After deliberating for nearly five weeks, a federal jury awarded 10,000 commercial fishermen $286.8 million on Thursday for damage caused by the 1989 Exxon Valdez oil spill. The fishermen had asked for more than three times that amount. "It makes me sick to my stomach," said Richard McGahan, who has fished upper Cook Inlet for 40 years and sat through much of the trial. He fought back tears outside the courthouse after the verdict was read. "We are talking about thousands of fishermen whose livelihoods are completely different."
Jerry McCune, president of Cordova District Fishermen United, said he was stunned by the verdict.
"After five years of this, I can see all of this is going to amount to nothing," he said. "When you boil the numbers down, it looks like we are going to get hardly anything out of this. I have to give the jury credit for sticking with it this long, but I am still disappointed."
Exxon appeared relieved.
"Naturally we are pleased that it is not as high as what the plaintiffs were asking for," Exxon attorney Patrick Lynch said.
The bulk of the fishermen's $895 million claim $553.2 million was for depressed salmon prices in the years following the spill. The fishermen argued that the market's fear of tainted salmon drove prices down. Exxon countered that prices dropped for many reasons, including a world glut of farm salmon from foreign markets.
The jury agreed that the drop in salmon and herring prices in 1989 could be blamed on the spill and awarded fishermen a total of $129.7 million for that claim; the fishermen had asked for $144.5 million.
But the jury didn't agree that the continued depressed prices in 1990 and 1991 for both herring and salmon could be blamed on the spill.
The jury also rejected the fishermen's claim that they would lose $116 million in 1994 and 1995 based on the state's projections of reduced returns of salmon and herring.
The verdict form required jurors to decide losses based on geographic area. Herring and salmon fishermen in Prince William Sound were awarded about $58.8 million; in Cook Inlet, about $48.8 million; in Kodiak, about $45.1 million; and in Chignik, about $5 million. The fishermen also had sought $23.3 million to cover a decline in the value of fishing permits. The jury returned an award of $9.4 million.
It will be months before Exxon actually writes a check to cover the jury's verdict. Between now and then, the number will go through some gyrations. First, both sides have stipulated that Exxon will be able to subtract $130 million off the top. That is how much Exxon paid to some fishermen through a claims program set up in 1989. And, of course, there's the question of attorney fees and the possibility of appeals.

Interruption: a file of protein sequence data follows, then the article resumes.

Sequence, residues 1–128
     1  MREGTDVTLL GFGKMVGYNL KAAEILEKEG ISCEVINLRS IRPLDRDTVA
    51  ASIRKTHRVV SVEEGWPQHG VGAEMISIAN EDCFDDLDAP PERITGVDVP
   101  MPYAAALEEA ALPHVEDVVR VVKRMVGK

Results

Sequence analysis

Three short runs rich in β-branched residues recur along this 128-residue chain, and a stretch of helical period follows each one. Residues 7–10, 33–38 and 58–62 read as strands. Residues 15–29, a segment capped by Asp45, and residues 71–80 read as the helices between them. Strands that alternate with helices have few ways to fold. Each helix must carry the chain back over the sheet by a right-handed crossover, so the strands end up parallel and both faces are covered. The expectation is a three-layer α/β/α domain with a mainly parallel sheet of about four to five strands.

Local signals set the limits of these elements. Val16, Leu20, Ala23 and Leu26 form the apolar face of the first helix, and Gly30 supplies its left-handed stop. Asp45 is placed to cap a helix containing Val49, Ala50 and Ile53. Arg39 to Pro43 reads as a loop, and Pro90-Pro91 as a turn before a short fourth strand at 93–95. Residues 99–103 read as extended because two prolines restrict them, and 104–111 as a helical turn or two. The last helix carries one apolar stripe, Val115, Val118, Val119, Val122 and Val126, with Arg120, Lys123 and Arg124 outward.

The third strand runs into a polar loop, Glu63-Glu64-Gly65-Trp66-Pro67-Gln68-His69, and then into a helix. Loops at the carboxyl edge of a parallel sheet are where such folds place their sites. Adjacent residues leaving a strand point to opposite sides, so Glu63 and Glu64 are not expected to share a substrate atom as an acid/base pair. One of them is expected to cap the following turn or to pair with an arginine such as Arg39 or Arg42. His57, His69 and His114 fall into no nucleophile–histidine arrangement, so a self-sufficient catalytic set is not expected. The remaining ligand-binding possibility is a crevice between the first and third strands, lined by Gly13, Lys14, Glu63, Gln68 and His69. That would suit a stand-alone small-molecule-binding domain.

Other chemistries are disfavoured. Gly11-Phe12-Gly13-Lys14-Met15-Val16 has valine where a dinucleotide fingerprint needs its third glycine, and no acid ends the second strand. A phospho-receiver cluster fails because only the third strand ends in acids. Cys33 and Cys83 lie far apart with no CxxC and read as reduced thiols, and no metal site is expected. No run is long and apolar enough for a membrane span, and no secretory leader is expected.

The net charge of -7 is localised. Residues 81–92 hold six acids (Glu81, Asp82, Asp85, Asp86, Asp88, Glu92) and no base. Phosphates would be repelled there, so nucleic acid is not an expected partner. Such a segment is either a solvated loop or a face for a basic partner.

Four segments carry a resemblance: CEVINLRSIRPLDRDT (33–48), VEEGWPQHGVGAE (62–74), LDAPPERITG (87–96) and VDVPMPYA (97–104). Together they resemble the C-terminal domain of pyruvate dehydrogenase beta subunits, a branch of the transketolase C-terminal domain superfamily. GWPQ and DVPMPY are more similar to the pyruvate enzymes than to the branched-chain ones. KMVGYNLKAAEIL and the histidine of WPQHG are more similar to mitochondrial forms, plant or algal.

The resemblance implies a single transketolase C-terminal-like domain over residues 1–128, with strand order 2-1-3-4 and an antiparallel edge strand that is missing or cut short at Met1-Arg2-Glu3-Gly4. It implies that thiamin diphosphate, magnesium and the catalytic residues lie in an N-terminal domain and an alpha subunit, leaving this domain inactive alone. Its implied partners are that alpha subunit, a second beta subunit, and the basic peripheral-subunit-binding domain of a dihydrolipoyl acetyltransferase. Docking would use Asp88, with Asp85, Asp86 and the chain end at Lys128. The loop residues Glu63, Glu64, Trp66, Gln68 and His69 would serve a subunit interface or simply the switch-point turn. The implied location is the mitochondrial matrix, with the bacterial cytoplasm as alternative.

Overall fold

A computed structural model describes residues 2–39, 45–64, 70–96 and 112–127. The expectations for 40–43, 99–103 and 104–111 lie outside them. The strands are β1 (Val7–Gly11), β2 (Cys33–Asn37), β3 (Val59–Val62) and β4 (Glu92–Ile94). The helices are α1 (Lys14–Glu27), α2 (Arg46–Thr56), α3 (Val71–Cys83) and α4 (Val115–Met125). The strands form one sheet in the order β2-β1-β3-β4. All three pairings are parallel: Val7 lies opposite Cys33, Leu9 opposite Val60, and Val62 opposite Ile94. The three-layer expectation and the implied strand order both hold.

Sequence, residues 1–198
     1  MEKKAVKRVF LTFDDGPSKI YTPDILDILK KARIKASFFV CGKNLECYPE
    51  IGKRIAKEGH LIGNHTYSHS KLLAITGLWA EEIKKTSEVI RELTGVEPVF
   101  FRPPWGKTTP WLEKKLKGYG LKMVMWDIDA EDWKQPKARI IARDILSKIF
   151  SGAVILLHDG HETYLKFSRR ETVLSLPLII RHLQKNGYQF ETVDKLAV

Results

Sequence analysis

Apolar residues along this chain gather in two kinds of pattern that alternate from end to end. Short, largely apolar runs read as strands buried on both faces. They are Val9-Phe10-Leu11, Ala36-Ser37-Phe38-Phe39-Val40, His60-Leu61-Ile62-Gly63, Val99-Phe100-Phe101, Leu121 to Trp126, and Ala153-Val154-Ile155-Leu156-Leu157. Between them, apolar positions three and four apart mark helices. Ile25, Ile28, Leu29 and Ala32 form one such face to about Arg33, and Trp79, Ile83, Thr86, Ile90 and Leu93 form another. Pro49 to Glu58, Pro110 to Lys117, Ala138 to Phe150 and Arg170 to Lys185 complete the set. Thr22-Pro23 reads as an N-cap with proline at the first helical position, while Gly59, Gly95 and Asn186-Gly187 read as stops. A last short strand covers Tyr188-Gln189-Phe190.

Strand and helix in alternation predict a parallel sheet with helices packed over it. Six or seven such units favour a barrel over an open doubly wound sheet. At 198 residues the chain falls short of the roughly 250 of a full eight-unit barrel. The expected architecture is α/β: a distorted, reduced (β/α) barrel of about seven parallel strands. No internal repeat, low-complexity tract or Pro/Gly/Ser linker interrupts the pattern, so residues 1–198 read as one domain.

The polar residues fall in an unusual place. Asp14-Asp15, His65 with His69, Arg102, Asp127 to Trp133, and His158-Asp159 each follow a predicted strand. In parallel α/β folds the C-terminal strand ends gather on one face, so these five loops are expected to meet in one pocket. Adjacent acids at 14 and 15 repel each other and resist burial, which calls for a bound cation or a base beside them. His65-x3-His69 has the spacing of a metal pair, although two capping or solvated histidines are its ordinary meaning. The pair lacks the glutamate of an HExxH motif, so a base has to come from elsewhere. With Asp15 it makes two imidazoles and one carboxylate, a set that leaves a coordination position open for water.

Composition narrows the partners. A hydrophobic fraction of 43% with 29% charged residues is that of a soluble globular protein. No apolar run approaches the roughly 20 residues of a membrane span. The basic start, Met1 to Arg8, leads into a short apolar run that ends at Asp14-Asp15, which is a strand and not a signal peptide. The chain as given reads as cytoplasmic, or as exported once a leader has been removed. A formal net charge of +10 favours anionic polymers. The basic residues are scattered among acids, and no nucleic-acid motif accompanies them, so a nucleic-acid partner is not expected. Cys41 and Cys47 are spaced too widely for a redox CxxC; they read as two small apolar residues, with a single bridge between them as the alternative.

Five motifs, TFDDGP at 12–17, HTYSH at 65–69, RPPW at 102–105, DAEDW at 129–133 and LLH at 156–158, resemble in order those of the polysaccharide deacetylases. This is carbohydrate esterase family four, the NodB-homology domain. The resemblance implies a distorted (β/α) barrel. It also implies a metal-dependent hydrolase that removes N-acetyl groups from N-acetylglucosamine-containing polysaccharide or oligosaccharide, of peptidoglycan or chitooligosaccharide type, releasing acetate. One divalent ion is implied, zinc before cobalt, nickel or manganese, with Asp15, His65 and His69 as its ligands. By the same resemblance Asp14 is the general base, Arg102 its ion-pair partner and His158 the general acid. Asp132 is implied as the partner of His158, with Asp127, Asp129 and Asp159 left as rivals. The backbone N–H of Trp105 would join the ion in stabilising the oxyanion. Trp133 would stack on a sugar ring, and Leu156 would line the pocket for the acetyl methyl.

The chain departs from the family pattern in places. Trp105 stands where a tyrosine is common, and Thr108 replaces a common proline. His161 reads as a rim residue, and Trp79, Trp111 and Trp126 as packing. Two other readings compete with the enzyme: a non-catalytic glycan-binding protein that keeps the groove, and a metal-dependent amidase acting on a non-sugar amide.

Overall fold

"But there will also be a question of add-ons," said Brian O'Neill, an attorney representing the fishermen. One will be interest calculated for 51|2 years at 7 to 8 percent, he said.
Attorneys still are working on the formula for how the money will be divided among fishermen.
"We are not yet ready to come to any conclusions on that," he said.
Jurors pored over stacks of state Department of Fish and Game records to reach the verdict, and the panel figured dollar amounts to the penny. But sometime during the five weeks of deliberations, one of the 12 jurors dropped out. Only 11 returned to the courtroom Thursday.
When asked what happened to the 12th juror, attorney Marty Casey, who represents Capt. Joe Hazelwood, said U.S. District Court Judge Russel Holland issued a gag order prohibiting attorneys and the juror from discussing it. The information on the juror may be in two sealed documents relating to courtroom hearings held last week.
When the trial started in May, both sides stipulated that 12 jurors would be seated with no alternates. If any had to drop out, a verdict could be returned with as few as six jurors, both sides agreed.
The jurors now will take a weeklong break before returning Aug. 22 to hear opening statements in Phase Three of the complex trial. They are scheduled to take a helicopter tour of Prince William Sound sometime during this phase.
In Phase One, jurors decided Exxon should be liable for punitive damages because it acted recklessly by allowing a captain with a history of alcohol problems pilot one of its massive tankers. The result was on March 24, 1989, when the vessel ran aground on Bligh Reef spilling 11 million gallons of oil in the pristine waters of Prince William Sound.
Phase Two was to determine the actual damages suffered by commercial fishermen and Natives, who lost their subsistence harvests. While the jury was deliberating the fishermen's claims, Exxon and the Natives settled out of court for $20 million. A separate, state court jury currently is listening to $100 million in claims filed by a dozen coastal communities and Native corporations. A verdict from that jury is expected later this month.
In Phase Three, the federal jury is expected to listen to about a week of testimony before deciding how much money Exxon and Hazelwood should be assessed in punitive damages. All the plaintiffs fishermen, Natives, property owners, coastal communities and business owners are part of the class-action suit for punitive damages. They are seeking $15 billion.
Following Thursday's verdict, attorney O'Neill said, "We intend to come in and put on proof of Exxon's wealth and see if we can kick some butt."
Exxon attorney Lynch said he will ask the jury to award zero punitive damages.
"We believe that Exxon's response to the spill was really a unique show of corporate responsibility from Day One," he said. "It made an unlimited commitment to clean up."
Lynch said there's no need to punish Exxon further.